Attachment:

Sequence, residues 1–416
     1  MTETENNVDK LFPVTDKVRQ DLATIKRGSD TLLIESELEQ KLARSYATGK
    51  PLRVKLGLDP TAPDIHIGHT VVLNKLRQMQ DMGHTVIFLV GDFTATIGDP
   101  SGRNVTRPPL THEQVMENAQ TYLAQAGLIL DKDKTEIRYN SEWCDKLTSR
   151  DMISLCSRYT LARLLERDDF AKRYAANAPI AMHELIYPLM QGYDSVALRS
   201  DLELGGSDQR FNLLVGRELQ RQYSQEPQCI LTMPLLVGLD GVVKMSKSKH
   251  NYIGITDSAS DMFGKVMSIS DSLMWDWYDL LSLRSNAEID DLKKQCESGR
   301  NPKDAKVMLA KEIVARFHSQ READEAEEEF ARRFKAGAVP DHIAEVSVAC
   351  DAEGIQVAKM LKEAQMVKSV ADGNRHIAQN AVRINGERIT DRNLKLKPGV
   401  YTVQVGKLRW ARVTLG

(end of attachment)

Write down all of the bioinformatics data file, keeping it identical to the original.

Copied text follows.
Sequence, residues 1–416
     1  MTETENNVDK LFPVTDKVRQ DLATIKRGSD TLLIESELEQ KLARSYATGK
    51  PLRVKLGLDP TAPDIHIGHT VVLNKLRQMQ DMGHTVIFLV GDFTATIGDP
   101  SGRNVTRPPL THEQVMENAQ TYLAQAGLIL DKDKTEIRYN SEWCDKLTSR
   151  DMISLCSRYT LARLLERDDF AKRYAANAPI AMHELIYPLM QGYDSVALRS
   201  DLELGGSDQR FNLLVGRELQ RQYSQEPQCI LTMPLLVGLD GVVKMSKSKH
   251  NYIGITDSAS DMFGKVMSIS DSLMWDWYDL LSLRSNAEID DLKKQCESGR
   301  NPKDAKVMLA KEIVARFHSQ READEAEEEF ARRFKAGAVP DHIAEVSVAC
   351  DAEGIQVAKM LKEAQMVKSV ADGNRHIAQN AVRINGERIT DRNLKLKPGV
   401  YTVQVGKLRW ARVTLG